An indispensable guide to brain-based learning. Diane Connell summarizes current brain research and discusses the implications for the classroom. She offers tools to identify learning styles and ideas for differentiating lessons and activities to engage all students. Covers brain development, multiple intelligences, information processing, emotional intelligence, and much more.
Humor and Information Literacy: Practical Techniques for Library Instruction
How can humor be applied by academic librarians to better teach information literacy? And why is humor such an effective teaching tool? This book provides a cross-disciplinary review of the literature regarding use of humor in tertiary education settings, and specifically in library science; explains its effectiveness for capturing and maintaining student attention when covering necessary subjects; and presents the invaluable personal experiences of instruction librarians across North America who regularly use humor in the classroom.
A Little Book of Listening Skills: 52 essential practices for profoundly loving yourself and other people is a book that teaches readers how to listen with ears and hearts and to transform their lives and the lives of others.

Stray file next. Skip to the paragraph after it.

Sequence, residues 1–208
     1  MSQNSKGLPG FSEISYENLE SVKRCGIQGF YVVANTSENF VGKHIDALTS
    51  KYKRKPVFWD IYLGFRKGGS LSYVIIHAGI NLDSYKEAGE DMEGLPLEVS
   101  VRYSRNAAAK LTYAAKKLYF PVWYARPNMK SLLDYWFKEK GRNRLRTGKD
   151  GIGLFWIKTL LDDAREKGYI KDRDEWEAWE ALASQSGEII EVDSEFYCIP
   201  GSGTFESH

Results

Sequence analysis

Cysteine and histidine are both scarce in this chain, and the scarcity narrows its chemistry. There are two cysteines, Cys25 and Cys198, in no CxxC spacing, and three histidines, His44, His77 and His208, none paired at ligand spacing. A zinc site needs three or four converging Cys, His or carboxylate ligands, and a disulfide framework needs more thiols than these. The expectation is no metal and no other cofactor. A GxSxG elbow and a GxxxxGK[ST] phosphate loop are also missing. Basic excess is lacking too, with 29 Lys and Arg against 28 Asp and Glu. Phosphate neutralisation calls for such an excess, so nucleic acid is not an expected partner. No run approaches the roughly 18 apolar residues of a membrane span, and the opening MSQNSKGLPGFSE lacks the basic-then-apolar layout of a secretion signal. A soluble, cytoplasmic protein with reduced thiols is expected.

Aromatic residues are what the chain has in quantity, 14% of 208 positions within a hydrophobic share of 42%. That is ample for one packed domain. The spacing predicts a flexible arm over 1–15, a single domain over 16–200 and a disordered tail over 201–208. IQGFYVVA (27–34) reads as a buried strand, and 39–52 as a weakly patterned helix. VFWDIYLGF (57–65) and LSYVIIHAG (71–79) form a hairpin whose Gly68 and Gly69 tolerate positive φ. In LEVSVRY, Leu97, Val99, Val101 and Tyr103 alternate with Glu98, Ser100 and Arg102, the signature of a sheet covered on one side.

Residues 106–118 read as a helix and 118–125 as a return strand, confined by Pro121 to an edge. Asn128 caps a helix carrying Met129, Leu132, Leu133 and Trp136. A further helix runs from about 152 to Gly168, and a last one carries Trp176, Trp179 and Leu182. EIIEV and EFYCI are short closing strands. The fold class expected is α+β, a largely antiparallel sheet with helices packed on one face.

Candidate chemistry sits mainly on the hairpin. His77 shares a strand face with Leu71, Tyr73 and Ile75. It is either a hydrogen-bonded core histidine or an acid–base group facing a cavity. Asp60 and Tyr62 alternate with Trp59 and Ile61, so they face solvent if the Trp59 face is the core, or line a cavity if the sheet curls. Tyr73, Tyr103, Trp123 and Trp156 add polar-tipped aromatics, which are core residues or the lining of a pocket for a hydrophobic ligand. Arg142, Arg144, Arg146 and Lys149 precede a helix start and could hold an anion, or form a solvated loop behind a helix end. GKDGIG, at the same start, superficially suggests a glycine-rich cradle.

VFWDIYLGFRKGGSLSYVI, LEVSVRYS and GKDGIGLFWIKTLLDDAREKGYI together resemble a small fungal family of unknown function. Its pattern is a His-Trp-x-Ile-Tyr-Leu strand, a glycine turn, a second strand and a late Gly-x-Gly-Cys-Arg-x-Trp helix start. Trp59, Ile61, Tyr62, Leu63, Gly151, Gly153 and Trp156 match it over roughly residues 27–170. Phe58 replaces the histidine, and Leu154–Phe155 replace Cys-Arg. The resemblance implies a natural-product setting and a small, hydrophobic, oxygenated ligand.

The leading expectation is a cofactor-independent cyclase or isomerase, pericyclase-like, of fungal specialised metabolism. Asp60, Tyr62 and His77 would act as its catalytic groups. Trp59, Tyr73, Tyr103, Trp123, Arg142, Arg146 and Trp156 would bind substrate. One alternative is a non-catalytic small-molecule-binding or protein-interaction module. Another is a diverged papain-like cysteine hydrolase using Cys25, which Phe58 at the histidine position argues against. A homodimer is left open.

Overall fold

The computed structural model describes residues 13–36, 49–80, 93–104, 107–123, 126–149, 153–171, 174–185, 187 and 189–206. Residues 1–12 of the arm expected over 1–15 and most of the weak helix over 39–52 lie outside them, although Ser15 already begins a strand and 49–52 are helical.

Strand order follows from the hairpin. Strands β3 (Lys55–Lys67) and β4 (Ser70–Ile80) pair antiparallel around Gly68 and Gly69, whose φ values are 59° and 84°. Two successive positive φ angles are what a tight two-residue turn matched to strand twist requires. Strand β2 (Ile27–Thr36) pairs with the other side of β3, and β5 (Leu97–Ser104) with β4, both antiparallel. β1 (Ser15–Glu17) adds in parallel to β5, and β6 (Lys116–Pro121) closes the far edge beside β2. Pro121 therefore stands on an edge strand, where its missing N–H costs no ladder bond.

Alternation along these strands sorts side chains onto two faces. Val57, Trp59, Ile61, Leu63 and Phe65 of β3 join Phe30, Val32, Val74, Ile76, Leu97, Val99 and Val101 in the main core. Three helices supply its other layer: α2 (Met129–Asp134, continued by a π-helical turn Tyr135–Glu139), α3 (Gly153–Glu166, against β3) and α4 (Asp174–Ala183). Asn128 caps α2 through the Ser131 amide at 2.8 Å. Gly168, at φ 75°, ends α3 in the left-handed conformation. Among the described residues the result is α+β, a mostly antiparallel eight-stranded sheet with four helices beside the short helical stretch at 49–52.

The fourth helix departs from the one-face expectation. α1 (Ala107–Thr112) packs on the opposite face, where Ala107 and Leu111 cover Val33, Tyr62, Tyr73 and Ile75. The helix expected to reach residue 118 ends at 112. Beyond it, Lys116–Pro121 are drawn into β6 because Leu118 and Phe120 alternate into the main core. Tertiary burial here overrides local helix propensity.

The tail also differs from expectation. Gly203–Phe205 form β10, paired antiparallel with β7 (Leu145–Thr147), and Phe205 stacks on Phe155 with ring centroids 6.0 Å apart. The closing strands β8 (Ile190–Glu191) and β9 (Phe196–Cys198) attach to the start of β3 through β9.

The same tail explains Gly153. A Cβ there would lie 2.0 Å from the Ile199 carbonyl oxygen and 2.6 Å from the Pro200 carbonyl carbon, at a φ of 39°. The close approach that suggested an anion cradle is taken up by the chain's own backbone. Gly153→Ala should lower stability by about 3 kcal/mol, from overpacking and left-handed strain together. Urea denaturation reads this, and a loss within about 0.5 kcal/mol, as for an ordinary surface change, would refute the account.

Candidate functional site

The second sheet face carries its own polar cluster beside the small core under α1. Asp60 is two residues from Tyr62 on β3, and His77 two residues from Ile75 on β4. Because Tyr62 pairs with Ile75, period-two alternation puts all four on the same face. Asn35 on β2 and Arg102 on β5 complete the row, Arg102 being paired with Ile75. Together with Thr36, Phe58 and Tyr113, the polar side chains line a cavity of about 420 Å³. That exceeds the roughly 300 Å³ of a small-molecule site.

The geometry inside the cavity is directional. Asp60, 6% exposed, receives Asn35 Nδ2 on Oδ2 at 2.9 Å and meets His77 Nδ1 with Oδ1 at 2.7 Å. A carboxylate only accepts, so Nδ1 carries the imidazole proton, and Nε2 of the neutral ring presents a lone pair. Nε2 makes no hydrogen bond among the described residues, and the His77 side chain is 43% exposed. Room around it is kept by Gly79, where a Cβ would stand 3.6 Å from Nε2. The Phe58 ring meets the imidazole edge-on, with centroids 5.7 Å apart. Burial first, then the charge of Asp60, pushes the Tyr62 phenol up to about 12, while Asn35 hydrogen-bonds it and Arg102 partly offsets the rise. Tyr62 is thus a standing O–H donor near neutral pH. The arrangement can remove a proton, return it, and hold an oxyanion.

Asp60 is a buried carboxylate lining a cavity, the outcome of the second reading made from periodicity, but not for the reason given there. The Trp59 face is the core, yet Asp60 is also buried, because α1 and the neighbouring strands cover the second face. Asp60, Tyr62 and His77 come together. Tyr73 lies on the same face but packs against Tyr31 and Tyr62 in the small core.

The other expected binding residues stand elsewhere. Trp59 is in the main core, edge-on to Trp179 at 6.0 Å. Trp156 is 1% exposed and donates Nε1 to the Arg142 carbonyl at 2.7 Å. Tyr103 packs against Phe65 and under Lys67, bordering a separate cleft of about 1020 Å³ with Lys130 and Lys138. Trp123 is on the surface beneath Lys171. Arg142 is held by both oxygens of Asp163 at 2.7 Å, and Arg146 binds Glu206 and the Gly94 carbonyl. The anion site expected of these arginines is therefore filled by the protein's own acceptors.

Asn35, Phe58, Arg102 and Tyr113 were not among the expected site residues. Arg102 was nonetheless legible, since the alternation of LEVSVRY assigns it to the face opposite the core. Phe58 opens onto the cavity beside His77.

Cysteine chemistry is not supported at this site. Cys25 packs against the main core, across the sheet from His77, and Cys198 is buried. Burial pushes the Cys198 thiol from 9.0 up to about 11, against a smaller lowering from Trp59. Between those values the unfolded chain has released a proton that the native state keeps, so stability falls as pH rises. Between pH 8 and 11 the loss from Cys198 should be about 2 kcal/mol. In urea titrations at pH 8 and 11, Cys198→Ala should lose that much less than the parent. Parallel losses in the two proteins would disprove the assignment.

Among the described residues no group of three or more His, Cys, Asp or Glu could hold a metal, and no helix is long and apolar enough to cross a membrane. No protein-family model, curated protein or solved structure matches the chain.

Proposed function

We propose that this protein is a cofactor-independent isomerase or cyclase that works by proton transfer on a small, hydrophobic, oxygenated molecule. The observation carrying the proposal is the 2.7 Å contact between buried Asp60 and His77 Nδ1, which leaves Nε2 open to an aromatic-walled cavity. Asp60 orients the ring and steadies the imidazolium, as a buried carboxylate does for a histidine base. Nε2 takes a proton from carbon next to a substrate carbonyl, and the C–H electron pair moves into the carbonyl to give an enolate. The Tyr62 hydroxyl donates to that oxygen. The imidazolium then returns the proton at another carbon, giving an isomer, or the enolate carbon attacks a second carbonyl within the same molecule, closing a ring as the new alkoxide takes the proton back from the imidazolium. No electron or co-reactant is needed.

Based on the teachings of Kenneth Little Hawk, the renowned Mi’Kmaw First Nation storyteller, this book uses stories to explain how to tell stories. Each of the practical skills needed for storytelling is clearly illustrated through relevant stories from native tribes—“What the Fire Taught Us” teaches special effects, “Our Many Children” shows voice modulation, and “Little Thunder’s Wedding” offers techniques for formal stories.
Write Yourself: Creative Writing and Personal Development
Write Yourself is a complete introduction to facilitating creative writing for therapy or personal development, both with individuals and groups. Clear and practical, and with a strong theoretical base, it is also an essential handbook for individuals embarking on their own personal writing journeys.